The disciples started looking at one another, at a loss about whom He was declaring. And they began discussing among themselves which one of them it might be, who was going to do this deed.

One of His disciples, whom Jesus loved, was reclining at the table on His right.

[Plotnote: literally ‘reclining on His chest’; on the side His chest is facing. This is the place of most honor, symbolic of the heart and face of the table-host being open to this person.]

So Simon Peter is motioning to him, and saying to him, "Speak (to Him)--who is He talking about...?!"

And being deeply aggravated, one (disciple) after another began to say to Him, "Surely, Master, it is not I!"

Therefore, leaning back on Jesus' chest (both of them are reclining at table, so this is how the disciple on Jesus' right would whisper in His ear, and hear in return), he said to Him, "Master--who is it?"

So Jesus answered: "The one for whom I shall dip the morsel and give it to him."

When He had dipped the morsel therefore... He is taking and giving to Judas the son of Simon Iscariot!

[Plotenote: The final piece of bread, in the final bit of sop from the plate, is traditionally given by the host to a guest in special honor, typically seated immediately to the left. Jesus has greatly honored Judas by giving him this seating. It is likely that the squabbling about who was greatest among them, was occasioned by Jesus’ choice over who should be sitting on His right and His left. Keep in mind His comment about a child again, paralleling His remonstrance to them back in His final days in Capernaum; and that He had told the sons of Zebedee that the kind of ‘seats’ being prepared for them were not the kind that they and their mother were expecting!]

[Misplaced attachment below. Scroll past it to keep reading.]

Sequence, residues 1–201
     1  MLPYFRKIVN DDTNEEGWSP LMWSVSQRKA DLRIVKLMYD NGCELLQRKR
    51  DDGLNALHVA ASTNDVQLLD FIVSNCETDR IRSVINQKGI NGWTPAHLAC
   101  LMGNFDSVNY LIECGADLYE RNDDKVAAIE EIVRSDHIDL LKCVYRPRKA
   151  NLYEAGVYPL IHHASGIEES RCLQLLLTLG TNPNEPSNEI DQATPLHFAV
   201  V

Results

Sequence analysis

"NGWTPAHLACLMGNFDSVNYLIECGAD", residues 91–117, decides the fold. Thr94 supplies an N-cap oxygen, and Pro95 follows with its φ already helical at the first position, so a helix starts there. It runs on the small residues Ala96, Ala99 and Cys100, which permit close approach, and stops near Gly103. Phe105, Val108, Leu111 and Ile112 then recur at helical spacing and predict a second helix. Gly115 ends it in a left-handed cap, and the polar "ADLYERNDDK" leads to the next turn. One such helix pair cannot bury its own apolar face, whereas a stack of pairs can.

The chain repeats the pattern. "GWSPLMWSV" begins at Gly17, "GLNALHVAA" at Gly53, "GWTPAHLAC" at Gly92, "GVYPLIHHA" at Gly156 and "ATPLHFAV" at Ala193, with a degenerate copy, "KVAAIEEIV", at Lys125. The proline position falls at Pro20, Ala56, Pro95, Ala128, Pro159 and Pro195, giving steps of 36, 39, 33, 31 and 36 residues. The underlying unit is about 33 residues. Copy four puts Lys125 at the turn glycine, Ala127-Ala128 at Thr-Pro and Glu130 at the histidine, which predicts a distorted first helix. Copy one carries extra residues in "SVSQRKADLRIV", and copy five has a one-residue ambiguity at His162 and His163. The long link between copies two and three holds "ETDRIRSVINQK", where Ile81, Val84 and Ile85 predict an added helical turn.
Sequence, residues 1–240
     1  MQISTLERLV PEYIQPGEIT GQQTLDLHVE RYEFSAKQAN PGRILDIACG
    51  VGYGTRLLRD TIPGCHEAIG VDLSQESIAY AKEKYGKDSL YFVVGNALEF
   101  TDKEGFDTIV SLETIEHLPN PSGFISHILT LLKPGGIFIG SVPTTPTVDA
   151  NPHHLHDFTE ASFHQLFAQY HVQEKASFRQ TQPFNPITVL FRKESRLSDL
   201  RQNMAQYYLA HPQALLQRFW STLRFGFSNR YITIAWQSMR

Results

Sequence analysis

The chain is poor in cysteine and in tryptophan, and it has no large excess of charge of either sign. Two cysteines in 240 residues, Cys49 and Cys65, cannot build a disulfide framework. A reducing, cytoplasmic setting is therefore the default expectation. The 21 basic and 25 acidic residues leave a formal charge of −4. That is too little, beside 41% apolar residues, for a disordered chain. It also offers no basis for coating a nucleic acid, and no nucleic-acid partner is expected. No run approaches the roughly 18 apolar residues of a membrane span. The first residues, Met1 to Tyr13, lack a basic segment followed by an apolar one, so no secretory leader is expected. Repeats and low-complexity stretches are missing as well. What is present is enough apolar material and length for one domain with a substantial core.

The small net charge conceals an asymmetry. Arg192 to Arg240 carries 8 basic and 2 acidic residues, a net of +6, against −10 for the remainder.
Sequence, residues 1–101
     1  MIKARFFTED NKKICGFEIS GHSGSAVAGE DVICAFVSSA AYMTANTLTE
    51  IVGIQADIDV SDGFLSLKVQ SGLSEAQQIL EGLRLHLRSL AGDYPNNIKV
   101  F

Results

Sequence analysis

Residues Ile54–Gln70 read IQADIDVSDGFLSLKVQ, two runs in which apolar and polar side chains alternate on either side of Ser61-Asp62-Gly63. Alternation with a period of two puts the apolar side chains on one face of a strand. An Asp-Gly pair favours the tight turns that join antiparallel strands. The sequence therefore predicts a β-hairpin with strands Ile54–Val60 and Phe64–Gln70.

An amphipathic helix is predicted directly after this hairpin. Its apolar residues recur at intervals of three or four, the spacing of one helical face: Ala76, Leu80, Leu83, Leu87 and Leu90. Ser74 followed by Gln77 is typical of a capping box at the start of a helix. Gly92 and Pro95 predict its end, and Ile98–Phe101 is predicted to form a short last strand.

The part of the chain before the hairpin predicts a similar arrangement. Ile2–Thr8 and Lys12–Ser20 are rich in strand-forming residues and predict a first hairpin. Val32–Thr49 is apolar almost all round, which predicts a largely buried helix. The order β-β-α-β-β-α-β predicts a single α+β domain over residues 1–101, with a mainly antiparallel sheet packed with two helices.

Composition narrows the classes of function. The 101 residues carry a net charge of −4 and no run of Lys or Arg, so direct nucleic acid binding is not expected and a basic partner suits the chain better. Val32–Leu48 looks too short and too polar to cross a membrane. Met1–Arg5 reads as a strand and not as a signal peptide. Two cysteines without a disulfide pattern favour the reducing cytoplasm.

Now Judas, who was betraying Him, answered and said (out loud like the others), "Surely, Rabbi, it is not I!"

He said to him:

"As you say."

[Note: the traditional reply of affirmation in deeply grave or sad circumstances; courtesy forbids a more direct response.]

And after the morsel, Satan entered into him then.

And Jesus said (apparently to the Evangelist, quietly), "He who dipped his hand with Me in the bowl is the one who will betray Me."

Jesus therefore said to Judas:

"What you are doing--be doing it more quickly..."

Now, none of the ones reclining (says the Evangelist, exempting himself and Judas and Jesus, obviously...) knew for what purpose He said this to him. For some were supposing that Jesus was saying to him, "Buy the things we have need of for the Feast." (i.e. tomorrow night, when the Passover seder would normally be held; these disciples are assuming this strange meal wasn't intended by their rabbi to be the actual ritual after all.)

Or else, that he should give something to the poor (as traditionally done at Passover seders; these disciples are supposing they might be celebrating one night early after all, as Jesus had indicated.)

Because Judas had the money box.

And so, after receiving the morsel, he immediately departed.

And it was night...

Matthew 26:17-25
Mark 14:12-21
Luke 22:7-14
Luke 22:21-30
John 12:20-50
John 13:1-30

[Next time: The Body and the Blood]

Introductory note from Jason Pratt: see here for the previous entry; and see here for the first entry of the series. (It explains what I'm doing, and how, and contains the Johannine prologue.)

This entry is the second part of what would be one of the longest chapters in a book.

The Greater Condemnations (Part 2 of 2) -- 2 days until the end

Now as He was sitting on the Mount of Olives (probably later that night while they were camping in the groves), the disciples Peter and James and John and Andrew privately came to Him, saying, "Tell us... when will these things be? And what will be the sign of your arrival [on the throne], and of the finishing of all things of the age?"